The DUP and Sinn Féin leaders have sent a joint letter to the European Commission describing as "unacceptable" the alleged threat to the continuity of existing food supplies to Northern supermarkets once the Northern Ireland Protocol takes effect.

The letter, seen by RTÉ News, and signed by Arlene Foster and Michelle O'Neill, highlights the problem of the need for checks and controls on food products entering Northern Ireland from Great Britain from 1 January and how that might impact on the supply of food to supermarket chains.

The First and Deputy First Ministers write: "It is hard to imagine a more fundamental aspect of everyday life than the purchase of daily food supplies. Hence, we would ask you to recognise how important it is that the current consideration of the detail of how the Protocol will be applied takes our unique context into account." 

Under the protocol, food and animal derived products entering Northern Ireland from Great Britain will be subject to the EU's food safety regime, meaning that so-called sanitary and phytosanitary (SPS) checks will be required on a range of products destined for supermarket shelves.

EU and UK officials have been grappling with the issue through the Joint Committee, set up under the Withdrawal Agreement to implement the Northern Ireland Protocol.

Industry representatives say that thousands of goods within lorry containers could require EU export health certificates in order to qualify for entry into Northern Ireland.

Writing to the EU's representative on the Joint Committee, European Commission Vice President Maroš Šefcovic, the First and Deputy First Minister said: "Last week, there was a meeting that included representatives from our main supermarkets here.

"These representatives have emphasised how critical the current situation is, with a real threat to the continuity of the supply of existing food and other products to our market unless these issues are urgently addressed and solutions found."

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They added: "This is an unacceptable situation for us to be in, especially so late in the process."

The two leaders say they welcome the "constructive work" both sides have been engaged in and acknowledge that they are seeking "a pragmatic application of the principles and purpose of the SPS controls".

They refer to the "best endeavours" clause within the protocol, which they say "can and must secure an outcome which guarantees the normal flow of agri-food products to our people".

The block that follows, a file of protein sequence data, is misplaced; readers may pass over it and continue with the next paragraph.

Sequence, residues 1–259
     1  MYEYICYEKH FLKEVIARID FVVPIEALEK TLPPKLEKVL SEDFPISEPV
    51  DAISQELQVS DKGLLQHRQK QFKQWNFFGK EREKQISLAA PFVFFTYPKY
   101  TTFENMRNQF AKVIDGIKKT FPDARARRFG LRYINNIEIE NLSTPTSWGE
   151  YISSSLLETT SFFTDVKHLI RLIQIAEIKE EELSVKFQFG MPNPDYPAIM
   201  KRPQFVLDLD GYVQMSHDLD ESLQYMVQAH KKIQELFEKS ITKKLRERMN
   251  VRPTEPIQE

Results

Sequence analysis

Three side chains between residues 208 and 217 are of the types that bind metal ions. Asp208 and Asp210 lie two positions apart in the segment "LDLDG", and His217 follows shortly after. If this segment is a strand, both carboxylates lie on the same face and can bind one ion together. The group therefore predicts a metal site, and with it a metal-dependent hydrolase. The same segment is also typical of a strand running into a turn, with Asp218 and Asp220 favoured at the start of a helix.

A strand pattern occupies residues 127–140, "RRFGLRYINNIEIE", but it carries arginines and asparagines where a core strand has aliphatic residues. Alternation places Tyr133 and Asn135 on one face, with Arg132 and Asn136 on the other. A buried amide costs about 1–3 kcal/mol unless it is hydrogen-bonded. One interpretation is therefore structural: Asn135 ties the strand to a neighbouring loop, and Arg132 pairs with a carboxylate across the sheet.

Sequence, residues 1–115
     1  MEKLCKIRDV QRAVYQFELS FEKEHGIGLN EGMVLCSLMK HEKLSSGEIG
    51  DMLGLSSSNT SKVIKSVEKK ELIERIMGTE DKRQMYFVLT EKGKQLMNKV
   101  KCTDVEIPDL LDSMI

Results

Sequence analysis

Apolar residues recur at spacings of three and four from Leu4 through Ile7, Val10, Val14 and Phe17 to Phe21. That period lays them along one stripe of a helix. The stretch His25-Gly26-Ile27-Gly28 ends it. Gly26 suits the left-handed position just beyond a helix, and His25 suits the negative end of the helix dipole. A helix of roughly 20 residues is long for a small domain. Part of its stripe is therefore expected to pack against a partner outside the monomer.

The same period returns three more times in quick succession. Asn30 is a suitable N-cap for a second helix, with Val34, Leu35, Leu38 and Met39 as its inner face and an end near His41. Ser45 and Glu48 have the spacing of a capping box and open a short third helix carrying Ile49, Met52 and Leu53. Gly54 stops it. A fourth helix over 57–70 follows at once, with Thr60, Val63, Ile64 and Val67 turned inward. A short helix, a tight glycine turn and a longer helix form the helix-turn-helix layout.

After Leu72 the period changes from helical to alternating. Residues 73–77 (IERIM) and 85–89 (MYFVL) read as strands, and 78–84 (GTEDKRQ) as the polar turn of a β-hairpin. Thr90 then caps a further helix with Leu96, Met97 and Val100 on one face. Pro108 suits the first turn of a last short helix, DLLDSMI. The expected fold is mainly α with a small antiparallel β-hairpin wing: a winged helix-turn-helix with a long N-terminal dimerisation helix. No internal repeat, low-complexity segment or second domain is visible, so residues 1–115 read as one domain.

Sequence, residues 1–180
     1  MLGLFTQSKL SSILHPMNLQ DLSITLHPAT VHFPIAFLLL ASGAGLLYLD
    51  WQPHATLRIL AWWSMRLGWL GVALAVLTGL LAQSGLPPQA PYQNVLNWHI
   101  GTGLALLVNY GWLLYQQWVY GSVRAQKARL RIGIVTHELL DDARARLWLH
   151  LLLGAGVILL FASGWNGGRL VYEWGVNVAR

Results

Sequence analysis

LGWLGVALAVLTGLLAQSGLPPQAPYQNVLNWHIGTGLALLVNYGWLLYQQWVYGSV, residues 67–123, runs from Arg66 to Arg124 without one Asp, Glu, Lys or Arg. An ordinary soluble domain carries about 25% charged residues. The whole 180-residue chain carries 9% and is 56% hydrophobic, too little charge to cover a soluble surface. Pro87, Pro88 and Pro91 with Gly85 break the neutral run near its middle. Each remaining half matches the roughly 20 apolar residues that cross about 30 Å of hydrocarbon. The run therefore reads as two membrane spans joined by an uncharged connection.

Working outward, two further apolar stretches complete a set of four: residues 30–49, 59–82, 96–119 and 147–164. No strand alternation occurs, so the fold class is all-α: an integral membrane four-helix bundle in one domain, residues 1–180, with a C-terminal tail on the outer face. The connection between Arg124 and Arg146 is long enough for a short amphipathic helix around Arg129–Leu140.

The ministers say any outcome that would lead to "material price increases and/ or reduced choice for consumers would be an unacceptable consequence which cannot have been the intention of anyone when the Withdrawal Agreement was settled".

The letter states: "We recognise clearly the absolute importance of the SPS controls to the European Commission and the Member States and we would want to make it clear that we are not asking for anything that would create any form of health risk.

"We are hopeful and confident that with goodwill and pragmatism an agreed approach can be settled and applied. In any case, we are doing all that is possible to ensure that the necessary processes will be in operation to ensure goods can flow through our ports of entry at the end of the Transition Period."

The UK has been seeking blanket derogations or facilitations covering food products moving from Great Britain to Northern Ireland.

However, the European Commission and member states have been concerned that EU food safety rules should be respected in order to protect consumer health.

After 1 January, any goods entering Northern Ireland from Great Britain will in theory be able to circulate throughout the single market. Any goods that are food products or derived from animal products will not have been produced under EU food standards.

There have been reports that some UK supermarket chains may close their outlets in Northern Ireland or reduce the range of products destined for Northern Ireland.

The letter states: "We look forward to an urgent resolution of these issues, as businesses here need clarity as soon as possible on the precise detail of the changes that will affect them. So we would look forward to seeing significant decisions resolved and confirmed at the next meeting of the Joint Committee."

Ms Foster and Ms O'Neill state that some of the issues will be made simpler by the conclusion of a free trade agreement, "but urgent action to resolve the issues in the Protocol need not and should not be dependent on that process".